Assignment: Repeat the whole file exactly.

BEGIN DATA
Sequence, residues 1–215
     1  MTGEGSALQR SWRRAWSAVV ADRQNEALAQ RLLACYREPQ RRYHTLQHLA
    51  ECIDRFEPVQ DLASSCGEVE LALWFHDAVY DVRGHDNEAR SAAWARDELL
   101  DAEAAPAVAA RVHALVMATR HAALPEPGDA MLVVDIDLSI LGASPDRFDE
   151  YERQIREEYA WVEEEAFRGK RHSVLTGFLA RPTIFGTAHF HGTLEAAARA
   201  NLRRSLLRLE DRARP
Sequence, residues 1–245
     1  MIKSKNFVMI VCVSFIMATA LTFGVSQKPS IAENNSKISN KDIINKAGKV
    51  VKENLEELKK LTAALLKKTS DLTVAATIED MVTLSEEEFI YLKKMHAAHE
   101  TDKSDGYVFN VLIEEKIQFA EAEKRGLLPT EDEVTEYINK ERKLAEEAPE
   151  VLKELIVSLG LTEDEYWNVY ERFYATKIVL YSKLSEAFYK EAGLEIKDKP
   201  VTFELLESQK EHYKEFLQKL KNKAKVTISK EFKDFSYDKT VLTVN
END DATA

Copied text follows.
Sequence, residues 1–215
     1  MTGEGSALQR SWRRAWSAVV ADRQNEALAQ RLLACYREPQ RRYHTLQHLA
    51  ECIDRFEPVQ DLASSCGEVE LALWFHDAVY DVRGHDNEAR SAAWARDELL
   101  DAEAAPAVAA RVHALVMATR HAALPEPGDA MLVVDIDLSI LGASPDRFDE
   151  YERQIREEYA WVEEEAFRGK RHSVLTGFLA RPTIFGTAHF HGTLEAAARA
   201  NLRRSLLRLE DRARP
Sequence, residues 1–245
     1  MIKSKNFVMI VCVSFIMATA LTFGVSQKPS IAENNSKISN KDIINKAGKV
    51  VKENLEELKK LTAALLKKTS DLTVAATIED MVTLSEEEFI YLKKMHAAHE
   101  TDKSDGYVFN VLIEEKIQFA EAEKRGLLPT EDEVTEYINK ERKLAEEAPE
   151  VLKELIVSLG LTEDEYWNVY ERFYATKIVL YSKLSEAFYK EAGLEIKDKP
   201  VTFELLESQK EHYKEFLQKL KNKAKVTISK EFKDFSYDKT VLTVN